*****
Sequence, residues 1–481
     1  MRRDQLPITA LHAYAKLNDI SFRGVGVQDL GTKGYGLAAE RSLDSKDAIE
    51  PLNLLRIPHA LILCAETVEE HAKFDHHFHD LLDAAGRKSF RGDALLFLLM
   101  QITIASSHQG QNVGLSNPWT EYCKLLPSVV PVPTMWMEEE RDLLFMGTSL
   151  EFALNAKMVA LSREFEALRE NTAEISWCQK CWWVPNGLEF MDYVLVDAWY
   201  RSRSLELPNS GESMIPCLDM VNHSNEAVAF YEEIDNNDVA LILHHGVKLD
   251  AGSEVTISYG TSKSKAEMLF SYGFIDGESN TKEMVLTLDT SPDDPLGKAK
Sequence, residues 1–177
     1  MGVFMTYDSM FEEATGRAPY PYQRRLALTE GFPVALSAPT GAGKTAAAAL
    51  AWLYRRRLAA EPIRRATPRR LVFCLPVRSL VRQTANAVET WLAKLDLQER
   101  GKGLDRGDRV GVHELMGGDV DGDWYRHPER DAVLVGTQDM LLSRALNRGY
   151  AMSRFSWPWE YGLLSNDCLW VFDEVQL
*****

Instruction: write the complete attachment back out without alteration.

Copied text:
Sequence, residues 1–481
     1  MRRDQLPITA LHAYAKLNDI SFRGVGVQDL GTKGYGLAAE RSLDSKDAIE
    51  PLNLLRIPHA LILCAETVEE HAKFDHHFHD LLDAAGRKSF RGDALLFLLM
   101  QITIASSHQG QNVGLSNPWT EYCKLLPSVV PVPTMWMEEE RDLLFMGTSL
   151  EFALNAKMVA LSREFEALRE NTAEISWCQK CWWVPNGLEF MDYVLVDAWY
   201  RSRSLELPNS GESMIPCLDM VNHSNEAVAF YEEIDNNDVA LILHHGVKLD
   251  AGSEVTISYG TSKSKAEMLF SYGFIDGESN TKEMVLTLDT SPDDPLGKAK
Sequence, residues 1–177
     1  MGVFMTYDSM FEEATGRAPY PYQRRLALTE GFPVALSAPT GAGKTAAAAL
    51  AWLYRRRLAA EPIRRATPRR LVFCLPVRSL VRQTANAVET WLAKLDLQER
   101  GKGLDRGDRV GVHELMGGDV DGDWYRHPER DAVLVGTQDM LLSRALNRGY
   151  AMSRFSWPWE YGLLSNDCLW VFDEVQL